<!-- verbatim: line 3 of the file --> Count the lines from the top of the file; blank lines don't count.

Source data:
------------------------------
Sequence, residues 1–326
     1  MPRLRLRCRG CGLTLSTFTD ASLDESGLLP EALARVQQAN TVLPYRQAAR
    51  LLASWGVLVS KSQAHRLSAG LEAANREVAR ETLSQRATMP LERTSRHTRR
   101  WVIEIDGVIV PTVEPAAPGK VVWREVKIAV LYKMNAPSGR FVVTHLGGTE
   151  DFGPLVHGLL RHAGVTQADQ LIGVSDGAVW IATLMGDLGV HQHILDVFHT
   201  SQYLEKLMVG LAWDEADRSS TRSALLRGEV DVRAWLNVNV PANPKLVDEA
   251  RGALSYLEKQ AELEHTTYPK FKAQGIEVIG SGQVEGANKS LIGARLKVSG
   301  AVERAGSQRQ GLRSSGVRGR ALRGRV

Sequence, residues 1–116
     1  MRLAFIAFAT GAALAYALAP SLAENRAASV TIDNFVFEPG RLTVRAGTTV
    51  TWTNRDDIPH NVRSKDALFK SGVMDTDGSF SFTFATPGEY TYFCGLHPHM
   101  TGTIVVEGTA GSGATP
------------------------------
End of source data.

    51  LLASWGVLVS KSQAHRLSAG LEAANREVAR ETLSQRATMP LERTSRHTRR